On the other hand, should you choose to go with a vocational school you would have quite the opposite experience. Vocational courses last for anywhere between 4 and 18 months, depending on what you wish to study. By the end of the course you are more than ready to land a job. There is never any need for further specialization because vocational courses by design are specialized courses.

2. Vocational schools save money

Since vocational schools don’t go on and on for 4 years they don’t cost as much as college. On an average a vocational course from an accredited vocational training institute would probably cost between $14,000 and $20,000. Don’t be daunted by this figure. This is an estimate of total educational costs taking into account all additional costs. Besides, if you enroll in an online vocational school, you will not have to worry about additional costs like cost of living and accommodation.

College tuitions are through the roof nowadays. In addition to tuition you have to consider living costs and accommodation as well. So all in all, it is cheaper and a lot more convenient to attend a vocational school.

Saving-Money

3. Get hands-on experience and be job-ready

Vocational courses are highly specialized courses. They are designed to do one thing and one thing only—prepare you for your vocation. There are no additional irrelevant classes that you are mandated to take. The entire duration of a vocational course is spent in training and preparing students to ensure that they are job ready by the time the course is complete.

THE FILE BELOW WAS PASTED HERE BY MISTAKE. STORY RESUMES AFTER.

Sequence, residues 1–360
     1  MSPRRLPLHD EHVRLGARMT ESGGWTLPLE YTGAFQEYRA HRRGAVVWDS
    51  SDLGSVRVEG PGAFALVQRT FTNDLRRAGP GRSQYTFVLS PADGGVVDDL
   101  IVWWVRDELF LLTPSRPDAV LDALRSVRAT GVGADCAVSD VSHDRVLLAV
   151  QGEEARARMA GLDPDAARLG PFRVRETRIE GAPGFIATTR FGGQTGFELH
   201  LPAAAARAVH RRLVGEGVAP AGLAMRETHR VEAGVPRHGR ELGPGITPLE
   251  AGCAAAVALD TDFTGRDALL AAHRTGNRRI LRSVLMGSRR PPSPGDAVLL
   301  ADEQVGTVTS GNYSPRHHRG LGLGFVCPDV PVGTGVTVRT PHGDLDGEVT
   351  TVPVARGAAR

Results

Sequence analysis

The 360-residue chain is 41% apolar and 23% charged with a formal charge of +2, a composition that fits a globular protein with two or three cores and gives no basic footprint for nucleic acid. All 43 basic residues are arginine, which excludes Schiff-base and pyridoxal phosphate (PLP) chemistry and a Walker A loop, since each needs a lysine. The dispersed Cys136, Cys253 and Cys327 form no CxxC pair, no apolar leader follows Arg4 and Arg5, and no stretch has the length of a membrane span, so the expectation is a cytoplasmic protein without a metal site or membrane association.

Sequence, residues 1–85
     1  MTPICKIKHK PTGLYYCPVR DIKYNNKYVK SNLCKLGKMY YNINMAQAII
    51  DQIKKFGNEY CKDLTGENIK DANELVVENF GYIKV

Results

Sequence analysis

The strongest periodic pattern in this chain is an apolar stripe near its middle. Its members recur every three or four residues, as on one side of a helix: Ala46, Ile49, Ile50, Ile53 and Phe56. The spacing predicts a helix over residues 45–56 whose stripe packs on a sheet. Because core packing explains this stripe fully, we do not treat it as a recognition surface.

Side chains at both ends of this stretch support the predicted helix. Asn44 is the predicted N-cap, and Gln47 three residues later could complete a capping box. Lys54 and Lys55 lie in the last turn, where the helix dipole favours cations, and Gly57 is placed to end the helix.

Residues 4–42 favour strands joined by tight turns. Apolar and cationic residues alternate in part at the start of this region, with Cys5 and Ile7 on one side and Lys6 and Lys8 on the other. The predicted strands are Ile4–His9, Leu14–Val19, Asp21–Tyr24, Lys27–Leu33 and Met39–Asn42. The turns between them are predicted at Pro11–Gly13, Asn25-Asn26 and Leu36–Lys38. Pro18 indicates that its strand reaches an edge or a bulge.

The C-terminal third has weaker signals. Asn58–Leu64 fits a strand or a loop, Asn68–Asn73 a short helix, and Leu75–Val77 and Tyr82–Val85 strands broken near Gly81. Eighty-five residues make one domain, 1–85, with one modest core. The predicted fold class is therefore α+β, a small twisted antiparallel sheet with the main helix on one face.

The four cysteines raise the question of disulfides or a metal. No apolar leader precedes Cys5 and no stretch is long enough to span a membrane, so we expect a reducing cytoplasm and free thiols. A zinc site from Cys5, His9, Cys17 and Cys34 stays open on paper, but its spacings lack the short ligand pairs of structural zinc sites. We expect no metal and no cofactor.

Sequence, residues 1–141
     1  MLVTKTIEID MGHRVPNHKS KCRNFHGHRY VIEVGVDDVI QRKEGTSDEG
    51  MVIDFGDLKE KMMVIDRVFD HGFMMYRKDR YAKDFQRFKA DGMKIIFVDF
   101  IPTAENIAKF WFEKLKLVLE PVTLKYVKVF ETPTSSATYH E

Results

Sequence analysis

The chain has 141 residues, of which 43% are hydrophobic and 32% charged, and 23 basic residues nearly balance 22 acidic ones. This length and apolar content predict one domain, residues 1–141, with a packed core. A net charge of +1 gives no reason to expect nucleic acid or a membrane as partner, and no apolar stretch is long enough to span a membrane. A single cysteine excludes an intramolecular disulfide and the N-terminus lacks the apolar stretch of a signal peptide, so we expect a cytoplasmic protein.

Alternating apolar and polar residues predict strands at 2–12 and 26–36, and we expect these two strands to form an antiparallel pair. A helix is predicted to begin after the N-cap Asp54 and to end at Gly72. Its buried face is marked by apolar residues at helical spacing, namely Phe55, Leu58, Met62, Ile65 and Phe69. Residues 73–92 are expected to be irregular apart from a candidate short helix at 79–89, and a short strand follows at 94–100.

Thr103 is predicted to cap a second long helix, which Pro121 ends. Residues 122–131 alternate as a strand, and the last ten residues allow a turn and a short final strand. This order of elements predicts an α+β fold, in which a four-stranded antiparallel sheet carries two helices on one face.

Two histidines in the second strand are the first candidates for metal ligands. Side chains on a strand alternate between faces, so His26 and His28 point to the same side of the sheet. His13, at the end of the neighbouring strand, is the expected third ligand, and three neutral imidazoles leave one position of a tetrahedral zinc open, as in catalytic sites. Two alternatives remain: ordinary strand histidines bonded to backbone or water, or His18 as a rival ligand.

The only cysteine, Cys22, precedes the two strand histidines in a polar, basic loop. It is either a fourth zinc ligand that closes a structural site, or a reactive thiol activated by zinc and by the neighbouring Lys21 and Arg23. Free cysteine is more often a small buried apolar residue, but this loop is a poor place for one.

You are given a whole lot of training along with practice time and plenty of opportunities for hands-on experience. You needn’t worry about gaining experience in order to land a decent paying job. Vocational courses will give you all the experience you need.
GetHired

4. Land a job easily

Because vocational courses are so specialized and produce highly skilled and well trained individuals, there is a high demand for vocational school graduates in the job market. Also, a lot of vocational schools have placement programs that set their students up with interviews which always result in employment. Some schools also have ties with companies so a certain percentage of students are hired by those companies after every course. Porter and Chester Institute, a vocational training school that is accredited by the Accrediting Commission of Career Schools and Colleges (ACCSC) is one such institute that has a placement program for all students who are interested.

With college, there is never a guarantee that you will land a well paying job or any job at all for that matter. Students struggle to gain experience and this puts them at a disadvantage when it comes to finding employment.